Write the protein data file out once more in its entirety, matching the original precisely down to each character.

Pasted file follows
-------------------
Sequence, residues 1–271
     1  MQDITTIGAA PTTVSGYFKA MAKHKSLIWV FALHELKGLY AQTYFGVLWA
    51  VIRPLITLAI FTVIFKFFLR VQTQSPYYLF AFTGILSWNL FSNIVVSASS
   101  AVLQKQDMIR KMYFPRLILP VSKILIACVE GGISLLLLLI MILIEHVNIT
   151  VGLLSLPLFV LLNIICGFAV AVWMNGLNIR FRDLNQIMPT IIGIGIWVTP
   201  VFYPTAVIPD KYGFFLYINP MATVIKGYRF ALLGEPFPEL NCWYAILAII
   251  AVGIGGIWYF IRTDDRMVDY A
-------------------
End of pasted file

Sequence, residues 1–271
     1  MQDITTIGAA PTTVSGYFKA MAKHKSLIWV FALHELKGLY AQTYFGVLWA
    51  VIRPLITLAI FTVIFKFFLR VQTQSPYYLF AFTGILSWNL FSNIVVSASS
   101  AVLQKQDMIR KMYFPRLILP VSKILIACVE GGISLLLLLI MILIEHVNIT
   151  VGLLSLPLFV LLNIICGFAV AVWMNGLNIR FRDLNQIMPT IIGIGIWVTP
   201  VFYPTAVIPD KYGFFLYINP MATVIKGYRF ALLGEPFPEL NCWYAILAII
   251  AVGIGGIWYF IRTDDRMVDY A